I continue to receive emails from constituents regarding beer duty rates and support for pubs, and am grateful for the all the contact received to date.
I recently took the matter up with the Treasury, ahead of the next Budget, and recently received the following reply from the Exchequer Secretary, Simon Clarke MP:
I can assure your constituents that the Government recognises the important contribution the alcoholic drinks industry, including the beer and pubs sector, makes to the economy and to community life in providing a place to socialise and encourage responsible drinking.
As you are aware, to provide support for pubs, the Government announced a freeze on beer duty at Budget 2018. This means that the price of a typical pint of beer in 2019 will be 2p lower than it would have been had duty increased with inflation. Cuts and freezes to alcohol duty since 2013 have provided over £4 billion in support for the alcoholic drinks sector – revenues that would have otherwise gone to the Exchequer. This means that the price of a typical pint of beer is estimated to be 14p lower than it otherwise would have been since ending the beer duty escalator in 2013.
Many small pubs are benefitting from the business rates retail discount announced at Budget 2018, which is cutting bills by one third for two years. It is available to properties with a rateable value below £51,000 and is worth an estimated £1 billion to businesses over two years. The Government estimates up to 75% of pubs in England could be eligible for the discount, subject to State aid limits and eligibility for other reliefs.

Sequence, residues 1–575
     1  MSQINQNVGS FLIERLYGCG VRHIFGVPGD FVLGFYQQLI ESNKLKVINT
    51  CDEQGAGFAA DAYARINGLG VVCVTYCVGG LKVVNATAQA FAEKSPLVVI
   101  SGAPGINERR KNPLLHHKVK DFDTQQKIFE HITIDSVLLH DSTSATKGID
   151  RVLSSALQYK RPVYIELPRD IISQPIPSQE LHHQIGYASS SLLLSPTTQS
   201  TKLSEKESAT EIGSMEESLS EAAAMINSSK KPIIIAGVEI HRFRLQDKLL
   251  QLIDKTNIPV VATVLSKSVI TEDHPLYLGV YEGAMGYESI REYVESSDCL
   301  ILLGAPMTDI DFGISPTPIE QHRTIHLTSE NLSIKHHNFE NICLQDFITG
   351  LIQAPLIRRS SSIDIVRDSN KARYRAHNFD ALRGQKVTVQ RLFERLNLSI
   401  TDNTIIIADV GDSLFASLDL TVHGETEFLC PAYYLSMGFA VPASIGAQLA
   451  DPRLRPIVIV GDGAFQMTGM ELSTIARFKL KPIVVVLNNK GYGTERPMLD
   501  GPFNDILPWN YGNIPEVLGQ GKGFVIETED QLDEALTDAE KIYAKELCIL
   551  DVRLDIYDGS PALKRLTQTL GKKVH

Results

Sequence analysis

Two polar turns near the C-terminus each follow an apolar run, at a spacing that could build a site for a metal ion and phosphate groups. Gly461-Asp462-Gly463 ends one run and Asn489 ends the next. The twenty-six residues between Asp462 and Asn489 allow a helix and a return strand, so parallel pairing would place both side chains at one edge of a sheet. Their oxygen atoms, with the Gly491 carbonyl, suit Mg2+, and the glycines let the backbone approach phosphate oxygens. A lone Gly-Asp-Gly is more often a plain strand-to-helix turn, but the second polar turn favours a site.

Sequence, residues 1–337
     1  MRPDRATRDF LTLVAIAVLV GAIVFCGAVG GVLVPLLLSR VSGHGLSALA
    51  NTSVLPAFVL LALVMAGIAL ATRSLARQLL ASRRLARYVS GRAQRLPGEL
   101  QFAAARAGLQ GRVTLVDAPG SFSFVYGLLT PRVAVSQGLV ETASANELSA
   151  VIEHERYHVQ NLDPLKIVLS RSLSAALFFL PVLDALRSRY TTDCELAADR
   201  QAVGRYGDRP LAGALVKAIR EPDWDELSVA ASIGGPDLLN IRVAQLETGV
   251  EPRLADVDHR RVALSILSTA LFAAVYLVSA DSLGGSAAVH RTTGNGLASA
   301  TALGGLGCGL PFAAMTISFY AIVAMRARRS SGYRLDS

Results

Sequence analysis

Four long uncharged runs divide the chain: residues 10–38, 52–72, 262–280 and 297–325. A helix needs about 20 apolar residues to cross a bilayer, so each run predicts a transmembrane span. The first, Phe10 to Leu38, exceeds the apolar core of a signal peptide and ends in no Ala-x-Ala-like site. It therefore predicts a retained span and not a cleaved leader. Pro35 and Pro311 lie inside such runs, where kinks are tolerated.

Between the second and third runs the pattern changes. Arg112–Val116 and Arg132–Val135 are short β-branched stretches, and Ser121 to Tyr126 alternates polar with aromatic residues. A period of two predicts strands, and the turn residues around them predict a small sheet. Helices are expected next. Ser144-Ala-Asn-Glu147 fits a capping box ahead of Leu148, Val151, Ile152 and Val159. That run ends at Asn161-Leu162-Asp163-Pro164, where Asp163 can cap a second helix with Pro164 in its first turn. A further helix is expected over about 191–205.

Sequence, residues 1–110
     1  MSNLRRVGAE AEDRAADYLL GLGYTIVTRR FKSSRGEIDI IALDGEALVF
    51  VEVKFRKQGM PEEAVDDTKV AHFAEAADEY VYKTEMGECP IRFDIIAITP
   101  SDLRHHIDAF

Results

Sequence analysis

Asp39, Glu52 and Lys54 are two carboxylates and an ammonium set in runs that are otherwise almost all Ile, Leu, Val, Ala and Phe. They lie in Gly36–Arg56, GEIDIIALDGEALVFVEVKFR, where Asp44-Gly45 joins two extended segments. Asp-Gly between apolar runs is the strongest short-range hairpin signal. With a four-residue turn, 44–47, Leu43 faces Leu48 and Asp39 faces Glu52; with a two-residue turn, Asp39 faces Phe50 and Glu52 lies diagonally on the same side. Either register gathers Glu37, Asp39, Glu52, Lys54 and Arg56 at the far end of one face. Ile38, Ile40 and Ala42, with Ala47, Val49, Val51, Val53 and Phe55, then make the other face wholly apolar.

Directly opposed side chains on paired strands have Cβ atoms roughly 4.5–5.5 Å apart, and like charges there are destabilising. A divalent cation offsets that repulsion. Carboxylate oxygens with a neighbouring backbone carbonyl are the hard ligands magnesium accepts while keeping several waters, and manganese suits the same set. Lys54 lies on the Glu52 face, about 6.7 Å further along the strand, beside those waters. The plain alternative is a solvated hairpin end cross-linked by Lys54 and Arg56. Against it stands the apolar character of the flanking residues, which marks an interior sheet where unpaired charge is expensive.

Pubs are also benefitting from wider reforms and reductions to business rates. In total, since Budget 2016 the Government has announced reforms which are saving businesses more than £13 billion over the next five years. This includes switching from RPI to CPI indexation, increasing the threshold for the standard multiplier to £51,000, and raising the threshold for Small Business Rate Relief, meaning 655,000 of the smallest businesses now pay no rates at all.
These reforms will help pubs to stay in business by providing significant relief to the tax pressures mentioned. Industry data suggests that over 90% of pubs are independently managed or owned, meaning many pubs will benefit from tax cuts targeted at small businesses.
It must be noted that these actions have come at significant cost to the Exchequer. The public finances assume that alcohol duties rise in line with inflation, so anything divergent from that comes at a cost. This cost must then be balanced against other requests for tax cuts or additional spending. However, no decisions have yet been taken.